Bitcoin may have plunged from its mind-boggling price, but demand is high for cryptocurrencies.
A quick search on TokenList shows Hundreds of new coins are trying or planning to raise funds using a new method called Initial Coin Offering.
How difficult is it to create your own cryptocurrency?
It turns out the process can be a complicated and time-consuming legal juggernaut with a high failure rate for investors and creators alike.
A recent report revealed that nearly half of last year’s ICOs failed to raise enough funds or have ceased operations after their launch.
We decided to take the process for a little test of how it all works by creating a hypothetical token called DIY Coin.
Most new cryptocurrencies are utility coins and are not designed to replace traditional forms of money.
Unlike a stock, which entitles you to a piece of ownership in a company, utility tokens allow buyers access to the products or services that the company hopes to offer.
“The analogy is that they’re kind of like frequent flyer miles and you can use them in a certain way,” said Jeff Bandman, founder of Bandman Advisors and former fintech adviser to the Commodity Futures Trading Commission.
“The difference is that there is no open and transferable market.”
For our purposes, DIY coins give owners knowledge or access to the ICO process, each token gives you access to CNBC’s collection of research on the subject.
The idea is that the value of the DIY piece will increase as the demand for this knowledge increases.
Upcoming coins must clearly communicate their purpose to potential investors as well as the Securities and Exchange Commission, which is becoming increasingly involved in ICOs.
“They’re going to treat it like any security. You’re going to have to have a prospectus, you’re going to have to upload that information, and people will see the risks associated with it,” O’Leary said. of O’Shares ETF and “Shark Tank”.
To get a coin off the ground, you need a team of experienced marketing advisors, high profile investors to lend credibility to the project, as well as cryptocurrency industry insiders.
We turned to O’Leary as well as Andy Bromberg, CEO of CoinList, a website that handles token sales, for pointers.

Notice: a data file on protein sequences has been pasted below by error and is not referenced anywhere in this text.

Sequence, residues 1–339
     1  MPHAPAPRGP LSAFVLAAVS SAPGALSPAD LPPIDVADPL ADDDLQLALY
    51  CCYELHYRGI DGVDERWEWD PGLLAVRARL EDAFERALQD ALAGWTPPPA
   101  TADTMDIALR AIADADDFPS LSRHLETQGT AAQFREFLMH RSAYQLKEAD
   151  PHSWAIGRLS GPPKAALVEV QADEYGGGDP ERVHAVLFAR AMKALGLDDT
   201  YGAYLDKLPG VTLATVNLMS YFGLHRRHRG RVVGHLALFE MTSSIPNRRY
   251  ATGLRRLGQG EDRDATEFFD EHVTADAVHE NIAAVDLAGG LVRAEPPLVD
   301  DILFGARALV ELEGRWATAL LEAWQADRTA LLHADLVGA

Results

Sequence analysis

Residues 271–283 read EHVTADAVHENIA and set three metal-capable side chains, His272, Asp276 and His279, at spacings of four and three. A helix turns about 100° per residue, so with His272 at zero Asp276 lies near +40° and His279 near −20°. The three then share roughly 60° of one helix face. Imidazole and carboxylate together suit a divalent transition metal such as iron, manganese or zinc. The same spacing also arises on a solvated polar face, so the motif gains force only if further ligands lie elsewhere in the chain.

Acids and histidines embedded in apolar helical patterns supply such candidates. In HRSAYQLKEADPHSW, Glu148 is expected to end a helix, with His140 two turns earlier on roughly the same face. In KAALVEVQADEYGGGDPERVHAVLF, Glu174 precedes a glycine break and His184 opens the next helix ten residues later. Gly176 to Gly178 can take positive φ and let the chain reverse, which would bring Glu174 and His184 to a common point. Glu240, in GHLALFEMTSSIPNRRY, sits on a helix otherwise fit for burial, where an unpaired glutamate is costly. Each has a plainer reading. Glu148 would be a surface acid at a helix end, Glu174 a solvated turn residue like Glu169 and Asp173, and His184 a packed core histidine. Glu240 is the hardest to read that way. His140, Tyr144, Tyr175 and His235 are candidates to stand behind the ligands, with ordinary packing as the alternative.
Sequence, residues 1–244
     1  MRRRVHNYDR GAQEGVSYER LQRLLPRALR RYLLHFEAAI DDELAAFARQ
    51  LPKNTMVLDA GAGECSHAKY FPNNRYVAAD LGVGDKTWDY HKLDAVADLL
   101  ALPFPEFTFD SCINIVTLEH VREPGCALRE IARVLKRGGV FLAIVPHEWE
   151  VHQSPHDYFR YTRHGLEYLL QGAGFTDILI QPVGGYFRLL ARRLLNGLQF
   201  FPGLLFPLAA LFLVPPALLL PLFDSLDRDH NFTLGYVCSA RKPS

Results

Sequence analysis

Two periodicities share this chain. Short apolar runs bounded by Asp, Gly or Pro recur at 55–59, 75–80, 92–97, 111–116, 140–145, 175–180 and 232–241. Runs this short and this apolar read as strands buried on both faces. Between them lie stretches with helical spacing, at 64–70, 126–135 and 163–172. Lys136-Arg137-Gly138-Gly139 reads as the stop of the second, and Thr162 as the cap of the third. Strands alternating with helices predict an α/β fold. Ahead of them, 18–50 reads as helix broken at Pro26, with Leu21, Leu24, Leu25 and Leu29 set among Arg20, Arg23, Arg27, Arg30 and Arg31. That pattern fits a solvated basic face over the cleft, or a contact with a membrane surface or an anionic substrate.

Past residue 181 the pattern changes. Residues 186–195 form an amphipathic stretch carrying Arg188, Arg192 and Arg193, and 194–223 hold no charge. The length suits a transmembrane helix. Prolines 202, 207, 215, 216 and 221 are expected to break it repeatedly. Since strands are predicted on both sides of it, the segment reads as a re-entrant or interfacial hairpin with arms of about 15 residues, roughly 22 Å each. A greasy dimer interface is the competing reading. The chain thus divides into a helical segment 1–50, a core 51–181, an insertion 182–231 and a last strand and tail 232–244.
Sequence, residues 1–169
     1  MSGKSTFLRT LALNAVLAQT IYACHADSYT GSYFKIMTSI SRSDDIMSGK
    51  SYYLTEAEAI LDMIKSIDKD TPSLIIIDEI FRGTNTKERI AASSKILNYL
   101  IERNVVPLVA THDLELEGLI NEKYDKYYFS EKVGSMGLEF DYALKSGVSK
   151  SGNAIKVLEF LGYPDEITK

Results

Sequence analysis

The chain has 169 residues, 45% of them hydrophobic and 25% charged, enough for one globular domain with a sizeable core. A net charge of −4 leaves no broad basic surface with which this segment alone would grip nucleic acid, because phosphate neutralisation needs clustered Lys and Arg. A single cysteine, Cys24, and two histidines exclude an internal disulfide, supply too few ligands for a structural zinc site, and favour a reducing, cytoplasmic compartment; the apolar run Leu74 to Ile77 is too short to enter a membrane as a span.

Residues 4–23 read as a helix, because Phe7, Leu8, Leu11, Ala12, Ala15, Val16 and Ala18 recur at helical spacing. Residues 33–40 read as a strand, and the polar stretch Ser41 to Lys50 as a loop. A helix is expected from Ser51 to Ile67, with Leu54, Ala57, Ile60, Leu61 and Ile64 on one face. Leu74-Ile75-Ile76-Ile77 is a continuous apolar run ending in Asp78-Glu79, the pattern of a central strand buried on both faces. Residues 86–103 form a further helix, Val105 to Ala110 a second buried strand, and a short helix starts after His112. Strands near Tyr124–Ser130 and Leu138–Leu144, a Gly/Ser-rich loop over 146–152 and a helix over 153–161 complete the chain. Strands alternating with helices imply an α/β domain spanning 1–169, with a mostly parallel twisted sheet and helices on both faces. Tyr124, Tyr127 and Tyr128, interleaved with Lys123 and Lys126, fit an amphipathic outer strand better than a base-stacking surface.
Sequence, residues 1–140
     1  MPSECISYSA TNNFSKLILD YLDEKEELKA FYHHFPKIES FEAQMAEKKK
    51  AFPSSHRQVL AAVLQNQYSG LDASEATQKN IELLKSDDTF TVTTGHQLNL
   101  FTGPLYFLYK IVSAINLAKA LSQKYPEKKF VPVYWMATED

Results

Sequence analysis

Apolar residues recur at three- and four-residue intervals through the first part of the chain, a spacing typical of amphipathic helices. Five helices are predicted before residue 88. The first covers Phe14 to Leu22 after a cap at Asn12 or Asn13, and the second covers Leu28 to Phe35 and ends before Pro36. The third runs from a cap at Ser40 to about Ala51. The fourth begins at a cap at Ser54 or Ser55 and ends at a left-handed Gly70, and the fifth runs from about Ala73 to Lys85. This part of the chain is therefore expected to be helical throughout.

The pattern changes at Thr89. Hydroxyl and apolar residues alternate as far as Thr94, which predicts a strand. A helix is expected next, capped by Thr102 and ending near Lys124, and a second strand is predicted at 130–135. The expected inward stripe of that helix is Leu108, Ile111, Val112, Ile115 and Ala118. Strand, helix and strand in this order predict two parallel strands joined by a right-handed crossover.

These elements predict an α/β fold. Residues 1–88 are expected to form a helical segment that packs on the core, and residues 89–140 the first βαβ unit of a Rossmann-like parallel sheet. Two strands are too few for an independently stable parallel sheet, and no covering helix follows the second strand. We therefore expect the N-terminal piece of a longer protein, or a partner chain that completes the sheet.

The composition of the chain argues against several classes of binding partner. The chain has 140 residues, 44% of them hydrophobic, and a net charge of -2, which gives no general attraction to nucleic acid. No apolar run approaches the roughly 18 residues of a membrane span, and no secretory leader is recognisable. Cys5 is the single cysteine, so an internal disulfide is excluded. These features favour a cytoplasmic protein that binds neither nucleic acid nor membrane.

“Launching an ICO is a deeply technical process, but at a high level the process is very much like starting a startup,” Bromberg said.
Many coin offerings use white papers to communicate the token’s goals to potential investors.
According to Bromberg, the content of this white paper can range from explaining high-level problems and solutions to very complex technical details that describe the blockchain code designed to support the coin.
Because we are not planning to list the coin, we have chosen to use another route that is becoming popular in the ICO process: a pitch deck. This higher level presentation contained an explanation of DIY Coin and its purpose and listed our advisors.
Getting the interest and support of the crypto community is important, but it won’t get you far if the token doesn’t work.
“In order to have a robust platform, which can really support a good project, you need four important elements: you need speed, you need security, you need scalability and simplicity “said Monica Quaintance, Senior Technology Developer for Kadena.
Even though most use existing platforms like Etherum, each new coin needs its own supporting code that allows it to live and transact on the blockchain.
This is a task best left to professionals, and the good news is that the field of developers with cryptocurrency experience is growing rapidly.
“The investment market and the emissions market need to be warned right now, regulators are watching,” Bandman said.
As the cryptocurrency industry matures and grows, regulators are slowly intervening in an effort to protect potential investors from fraud.
Which means being prepared to answer specific questions about DIY Coin, including the business model and how the coins would be used once issued.
Bromberg says this relatively new monitoring is being welcomed by the cryptocommunity.
“Last year we saw a lot of poor quality deals, and I think we’re going to see less and less,” he said.
“At the same time, more people [are] looking at the space in both the investor and the issuer inside, and that’s going to result in an explosion of new tokens that are really high quality, that have deep technical merit, have reasons to exist.”
Disclosure: CNBC has exclusive off-network cable rights to “Shark Tank.”